Accepting and embracing stress can help you cut through the faff and make better decisions.

Gail tells us: ‘Stress forces us into problem solving. When you are in a flow state, your subconscious mind is wide open, fully engaged, on the hunt for solutions.

”When you are in a tight spot, your subconscious and conscious mind join forces and go into hyper-drive. At lightning speed, you’re weighing up your options, looking for opportunities, making decisions and choices all within seconds. You’re in a pickle, a jam, you act now, think later.

‘Often referred to as “The 5-Second Rule” whereby instead of overthinking and being hijacked by fear, you have this amazing five second window, in order to be courageous.’

Overcoming stress builds confidence

That adrenaline rush that comes after you overcome a stressful situation is straight up euphoric.

But in the long-term, too, getting through a stressful moment can bolster your self-belief.

You’ve managed to do this, so you can do anything.

‘These thoughts and feelings release endorphins, dopamine, serotonin, oxytocin, your feelgood hormones,’ says Gail.

Stress can help you to develop new skills

We’ll say it again: excess, destructive stress is not conducive for learning.

But a little bit of healthy stress can help to cement ideas in your mind.

Plus, once you’ve figured out how to solve an issue in the midst of stress, you’ve developed skills to do it again and tackle new problems.

Positive stress can give your health a boost

‘Positive stress can improve your health (in the short term),’ explains Gail. ‘Everyone knows that chronic stress is contrary to good health, however cortisol, another hormone produced when we are stressed, increases the release of sugar (glucose) into the bloodstream which in turn helps to repair tissue, reduce inflammation, enhance memory formulation, as well as helping to regulate salt and water balance to control blood pressure.’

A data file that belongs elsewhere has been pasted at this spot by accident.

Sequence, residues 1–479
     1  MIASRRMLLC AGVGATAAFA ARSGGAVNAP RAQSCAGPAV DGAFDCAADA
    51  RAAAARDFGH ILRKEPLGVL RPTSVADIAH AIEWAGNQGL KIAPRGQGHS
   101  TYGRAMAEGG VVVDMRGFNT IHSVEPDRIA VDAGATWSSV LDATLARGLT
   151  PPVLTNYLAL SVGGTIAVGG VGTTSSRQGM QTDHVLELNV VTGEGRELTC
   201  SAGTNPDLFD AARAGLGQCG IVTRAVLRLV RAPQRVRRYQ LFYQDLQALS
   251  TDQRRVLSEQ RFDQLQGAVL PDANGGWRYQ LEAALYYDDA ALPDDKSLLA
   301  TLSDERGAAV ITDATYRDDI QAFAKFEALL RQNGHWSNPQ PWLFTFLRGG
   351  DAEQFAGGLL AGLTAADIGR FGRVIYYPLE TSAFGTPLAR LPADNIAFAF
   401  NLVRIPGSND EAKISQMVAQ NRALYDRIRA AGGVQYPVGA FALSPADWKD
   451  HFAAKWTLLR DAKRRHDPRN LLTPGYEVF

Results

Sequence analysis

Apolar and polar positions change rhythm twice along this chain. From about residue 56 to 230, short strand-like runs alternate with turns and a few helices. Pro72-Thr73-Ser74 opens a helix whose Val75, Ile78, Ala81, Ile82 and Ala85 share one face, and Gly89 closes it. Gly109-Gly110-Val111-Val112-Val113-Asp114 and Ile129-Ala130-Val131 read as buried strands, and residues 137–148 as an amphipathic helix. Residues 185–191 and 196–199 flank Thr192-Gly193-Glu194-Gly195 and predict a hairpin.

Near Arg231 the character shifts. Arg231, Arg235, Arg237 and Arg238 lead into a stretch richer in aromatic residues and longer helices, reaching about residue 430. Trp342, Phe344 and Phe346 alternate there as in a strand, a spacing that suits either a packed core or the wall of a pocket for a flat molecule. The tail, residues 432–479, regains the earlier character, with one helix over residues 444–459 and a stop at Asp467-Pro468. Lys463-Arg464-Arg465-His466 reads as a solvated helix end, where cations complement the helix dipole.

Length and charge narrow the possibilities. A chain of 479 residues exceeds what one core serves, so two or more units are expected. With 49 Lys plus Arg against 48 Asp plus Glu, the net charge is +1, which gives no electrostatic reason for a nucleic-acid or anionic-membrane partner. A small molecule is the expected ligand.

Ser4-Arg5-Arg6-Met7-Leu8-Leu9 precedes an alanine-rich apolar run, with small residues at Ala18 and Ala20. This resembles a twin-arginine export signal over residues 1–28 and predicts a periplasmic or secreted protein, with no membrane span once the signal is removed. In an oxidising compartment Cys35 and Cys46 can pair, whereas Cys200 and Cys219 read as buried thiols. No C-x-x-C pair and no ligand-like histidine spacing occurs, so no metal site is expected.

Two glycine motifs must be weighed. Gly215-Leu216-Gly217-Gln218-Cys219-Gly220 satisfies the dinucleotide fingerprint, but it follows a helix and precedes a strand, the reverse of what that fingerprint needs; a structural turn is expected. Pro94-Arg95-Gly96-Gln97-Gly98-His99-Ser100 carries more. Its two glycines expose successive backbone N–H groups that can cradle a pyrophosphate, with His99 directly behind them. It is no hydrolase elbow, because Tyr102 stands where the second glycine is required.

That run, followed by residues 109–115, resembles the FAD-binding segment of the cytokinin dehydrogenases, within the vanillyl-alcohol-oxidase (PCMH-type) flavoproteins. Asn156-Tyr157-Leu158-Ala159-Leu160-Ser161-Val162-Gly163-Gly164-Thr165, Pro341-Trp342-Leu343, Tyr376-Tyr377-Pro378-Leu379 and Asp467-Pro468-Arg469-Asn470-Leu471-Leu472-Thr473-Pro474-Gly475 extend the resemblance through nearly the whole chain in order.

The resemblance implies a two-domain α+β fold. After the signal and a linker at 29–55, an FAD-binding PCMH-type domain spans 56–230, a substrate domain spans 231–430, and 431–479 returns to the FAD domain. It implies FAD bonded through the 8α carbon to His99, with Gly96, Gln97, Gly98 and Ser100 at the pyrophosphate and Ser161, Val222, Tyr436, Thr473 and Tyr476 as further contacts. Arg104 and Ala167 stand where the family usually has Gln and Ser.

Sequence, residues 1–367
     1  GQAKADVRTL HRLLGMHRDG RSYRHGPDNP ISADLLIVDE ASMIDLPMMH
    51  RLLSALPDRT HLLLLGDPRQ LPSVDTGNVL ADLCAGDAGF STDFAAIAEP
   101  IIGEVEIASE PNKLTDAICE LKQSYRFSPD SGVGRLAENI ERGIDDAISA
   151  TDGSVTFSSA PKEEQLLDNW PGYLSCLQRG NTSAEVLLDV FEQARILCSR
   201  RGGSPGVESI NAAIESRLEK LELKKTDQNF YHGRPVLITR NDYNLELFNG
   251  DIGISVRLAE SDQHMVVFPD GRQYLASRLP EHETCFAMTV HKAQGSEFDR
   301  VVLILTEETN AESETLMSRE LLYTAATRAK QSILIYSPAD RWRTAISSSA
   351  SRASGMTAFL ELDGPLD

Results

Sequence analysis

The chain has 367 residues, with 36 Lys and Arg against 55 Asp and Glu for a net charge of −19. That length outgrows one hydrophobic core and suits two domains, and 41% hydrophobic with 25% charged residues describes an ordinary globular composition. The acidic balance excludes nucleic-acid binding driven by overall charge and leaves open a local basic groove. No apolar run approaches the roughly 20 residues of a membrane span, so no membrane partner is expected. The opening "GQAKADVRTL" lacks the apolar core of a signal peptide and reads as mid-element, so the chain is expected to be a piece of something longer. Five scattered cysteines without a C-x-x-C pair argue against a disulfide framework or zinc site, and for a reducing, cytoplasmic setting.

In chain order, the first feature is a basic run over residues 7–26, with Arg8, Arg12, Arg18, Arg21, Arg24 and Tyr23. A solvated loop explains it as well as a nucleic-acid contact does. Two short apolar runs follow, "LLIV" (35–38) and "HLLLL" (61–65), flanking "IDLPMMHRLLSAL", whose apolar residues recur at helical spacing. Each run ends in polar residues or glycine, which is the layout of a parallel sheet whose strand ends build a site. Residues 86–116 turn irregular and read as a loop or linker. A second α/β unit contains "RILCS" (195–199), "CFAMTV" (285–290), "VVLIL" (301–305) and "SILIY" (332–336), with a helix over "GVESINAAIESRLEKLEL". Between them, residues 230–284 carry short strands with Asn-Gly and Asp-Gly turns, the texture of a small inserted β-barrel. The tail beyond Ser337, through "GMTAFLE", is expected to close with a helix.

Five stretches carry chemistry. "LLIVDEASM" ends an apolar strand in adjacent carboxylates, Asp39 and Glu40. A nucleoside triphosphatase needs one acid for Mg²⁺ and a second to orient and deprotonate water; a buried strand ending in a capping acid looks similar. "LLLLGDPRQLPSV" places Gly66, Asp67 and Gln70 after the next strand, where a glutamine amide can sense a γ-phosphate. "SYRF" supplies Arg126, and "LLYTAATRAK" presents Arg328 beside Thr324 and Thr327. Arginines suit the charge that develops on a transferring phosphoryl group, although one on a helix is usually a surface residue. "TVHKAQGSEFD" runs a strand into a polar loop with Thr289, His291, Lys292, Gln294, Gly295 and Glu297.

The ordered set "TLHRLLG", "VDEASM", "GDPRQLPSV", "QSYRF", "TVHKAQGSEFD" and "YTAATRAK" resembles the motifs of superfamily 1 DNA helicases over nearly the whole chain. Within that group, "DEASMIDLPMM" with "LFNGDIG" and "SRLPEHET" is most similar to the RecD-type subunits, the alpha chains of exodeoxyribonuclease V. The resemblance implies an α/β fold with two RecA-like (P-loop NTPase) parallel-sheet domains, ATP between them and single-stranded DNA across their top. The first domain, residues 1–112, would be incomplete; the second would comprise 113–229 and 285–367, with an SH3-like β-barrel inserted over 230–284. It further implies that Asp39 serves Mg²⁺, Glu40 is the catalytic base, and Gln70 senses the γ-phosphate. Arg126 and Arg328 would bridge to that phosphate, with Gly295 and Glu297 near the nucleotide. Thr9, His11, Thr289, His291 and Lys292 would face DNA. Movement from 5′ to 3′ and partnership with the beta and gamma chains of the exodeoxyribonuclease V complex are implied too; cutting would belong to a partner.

You’ll notice a common theme in all these benefits: they’re only delivered if the stress you experience is positive, processed healthily, and doesn’t cross the line into causing harm.

This isn’t a free pass to put up with a stress spiral, and you should absolutely take steps to ensure that stress isn’t taking over your life. While a little stress is healthy, it needs to be balanced with that no-stress relaxation and recovery time.

But what you can take from this is that in moments of smaller, more manageable stress, it can be helpful to reframe those feelings as beneficial, rather than big and scary.

Gail tells us: ‘As with most things, moderation is key when dealing in stress.

‘How you perceive stress determines how it will affect you. You can feel the adrenaline mounting, rip open your shirt and rise to the challenge, or you can allow the feeling to overwhelm and consume you.

‘Next time you find yourself feeling negatively stressed, notice it, take a few deep breaths, and rather than let it take charge of you, take charge of it. With practice and with patience, you can choose how to deploy your stress hormones.’

 


Credit: Original article published here.